The U.S. Federal Reserve struck a more hawkish note than markets expected at its June meeting, driving bond prices lower and yields higher across the Treasury curve. Although we share the view that the meeting is important in understanding future Fed policy moves, we would caution that the initial market reaction likely overstates the impact of the changing Fed projections and the language of the post-meeting statement.

Interest rates: Big headline, less substance

In terms of policy, the central bank acted as expected, maintaining the current federal funds rate target range and the $120 billion monthly asset purchase program. At the same time, the members of the Federal Open Market Committee (FOMC)—the rate-setting group within the Fed—updated their individual economic projections for growth, inflation, and policy rates. The previous survey, in March, produced a median projection for rates at zero through the 2023 end of the forecast period; in this month’s report, however, the median projection includes two rate hikes in 2023, leading to a federal funds rate of 0.625 percent.

Bump in 2021 growth and inflation projections leads to 2023 rate hike expectations
The Fed’s changing forecasts for the U.S. economy (%)

The bar chart shows the changes between March and June in the median Fed member’s economic estimates. It shows a 0.5% increase in Real GDP growth and a 1% increase in PCE Inflation for 2021, with a 0.5% increase in expected fed funds by 2023.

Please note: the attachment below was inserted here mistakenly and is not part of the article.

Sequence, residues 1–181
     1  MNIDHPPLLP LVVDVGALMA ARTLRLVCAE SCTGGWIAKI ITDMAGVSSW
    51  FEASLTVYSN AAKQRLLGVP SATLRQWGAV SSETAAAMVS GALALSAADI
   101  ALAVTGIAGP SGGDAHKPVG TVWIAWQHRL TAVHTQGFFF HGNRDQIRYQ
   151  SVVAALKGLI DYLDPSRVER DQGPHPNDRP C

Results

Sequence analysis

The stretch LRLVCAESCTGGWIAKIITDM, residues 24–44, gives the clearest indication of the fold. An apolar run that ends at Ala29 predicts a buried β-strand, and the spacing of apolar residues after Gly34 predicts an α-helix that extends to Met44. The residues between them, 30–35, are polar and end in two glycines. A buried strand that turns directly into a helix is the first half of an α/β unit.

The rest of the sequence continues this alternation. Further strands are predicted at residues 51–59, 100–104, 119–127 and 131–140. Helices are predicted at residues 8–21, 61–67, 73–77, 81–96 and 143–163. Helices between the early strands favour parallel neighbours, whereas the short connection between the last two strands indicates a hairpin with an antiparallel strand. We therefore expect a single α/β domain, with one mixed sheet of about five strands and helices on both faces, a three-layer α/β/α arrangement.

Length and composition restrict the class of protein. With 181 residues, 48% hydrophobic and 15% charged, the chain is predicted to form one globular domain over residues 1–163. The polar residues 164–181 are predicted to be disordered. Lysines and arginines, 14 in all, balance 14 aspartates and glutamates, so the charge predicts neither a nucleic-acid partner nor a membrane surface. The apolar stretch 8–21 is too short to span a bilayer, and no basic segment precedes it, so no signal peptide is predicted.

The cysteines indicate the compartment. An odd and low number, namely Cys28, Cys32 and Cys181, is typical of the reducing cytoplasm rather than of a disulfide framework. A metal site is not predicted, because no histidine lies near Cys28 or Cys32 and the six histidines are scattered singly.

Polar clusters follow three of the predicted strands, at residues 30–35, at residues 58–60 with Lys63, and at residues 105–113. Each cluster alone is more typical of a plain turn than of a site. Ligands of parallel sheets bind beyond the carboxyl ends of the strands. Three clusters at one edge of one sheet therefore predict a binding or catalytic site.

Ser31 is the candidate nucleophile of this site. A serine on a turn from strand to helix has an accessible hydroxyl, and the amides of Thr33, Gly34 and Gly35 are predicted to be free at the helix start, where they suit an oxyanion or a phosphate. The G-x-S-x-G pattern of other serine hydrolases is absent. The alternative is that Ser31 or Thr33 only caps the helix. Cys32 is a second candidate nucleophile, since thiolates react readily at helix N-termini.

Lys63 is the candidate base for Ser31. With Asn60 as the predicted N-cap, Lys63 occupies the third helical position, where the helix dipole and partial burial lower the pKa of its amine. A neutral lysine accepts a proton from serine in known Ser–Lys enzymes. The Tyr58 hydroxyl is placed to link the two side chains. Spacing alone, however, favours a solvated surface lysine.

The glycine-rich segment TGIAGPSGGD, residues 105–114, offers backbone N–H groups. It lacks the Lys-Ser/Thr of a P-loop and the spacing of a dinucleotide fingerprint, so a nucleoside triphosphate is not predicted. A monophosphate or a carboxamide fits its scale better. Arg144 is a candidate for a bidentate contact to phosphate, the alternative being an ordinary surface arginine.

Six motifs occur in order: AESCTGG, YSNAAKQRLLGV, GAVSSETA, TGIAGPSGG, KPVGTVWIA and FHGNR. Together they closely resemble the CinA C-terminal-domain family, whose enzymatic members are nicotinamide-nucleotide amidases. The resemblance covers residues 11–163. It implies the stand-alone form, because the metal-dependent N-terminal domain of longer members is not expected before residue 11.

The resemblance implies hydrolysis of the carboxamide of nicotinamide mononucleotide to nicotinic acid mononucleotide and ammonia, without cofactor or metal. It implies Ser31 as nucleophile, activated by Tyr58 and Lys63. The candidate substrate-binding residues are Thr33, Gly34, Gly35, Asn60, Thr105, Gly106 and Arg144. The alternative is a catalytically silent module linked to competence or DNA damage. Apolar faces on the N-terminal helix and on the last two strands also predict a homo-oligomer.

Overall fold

March forecast

June forecast

Source - RBC Wealth Management, U.S. Federal Reserve

We think this change in the median forecast rate should carry little weight in investor thinking. Member projections are snapshots in time and do not represent a plan for future policy, a point Fed Chair Jerome Powell made during his post-meeting press conference. In addition, by 2023 the composition of the FOMC will have changed, with the rotating voting slots shifting to more dovish members. Prior Fed projections have not been particularly accurate predictors of policy rate changes, especially when dealing with minor rate differences years in the future.

The taper talk has begun

While the June meeting may not have provided a clear view of future rate hikes, we think the meeting did move the timeline on tapering, as the Fed acknowledged that discussions on reducing the pace of asset purchases will likely begin next month—a change from the central bank’s prior stance that it was too early even to talk about talking about tapering. Combined with the Fed’s earlier guidance that it would provide months of advance notice before implementation, we see tapering kicking off before year’s end, potentially in early fall. We continue to see tapering as a year-long process, and believe a potential rate hike is unlikely for at least 18 months—and probably longer.

An opportune moment to talk taper
Cash coming back to Fed, and yield dip, make taper digestible

The line chart shows that in the past three months the Fed has accepted more cash into its reverse repo facility than it has put into the market through its asset purchases. The chart also shows a moderate decline in 10-year Treasury rates during the same period.

Weekly change in non-governmental reverse-repo deposits (LHS)

Asset purchases at $120 billion/month (LHS)

U.S. 10-year Treasury yield (RHS)

Source - RBC Wealth Management, Bloomberg; data through 6/9/21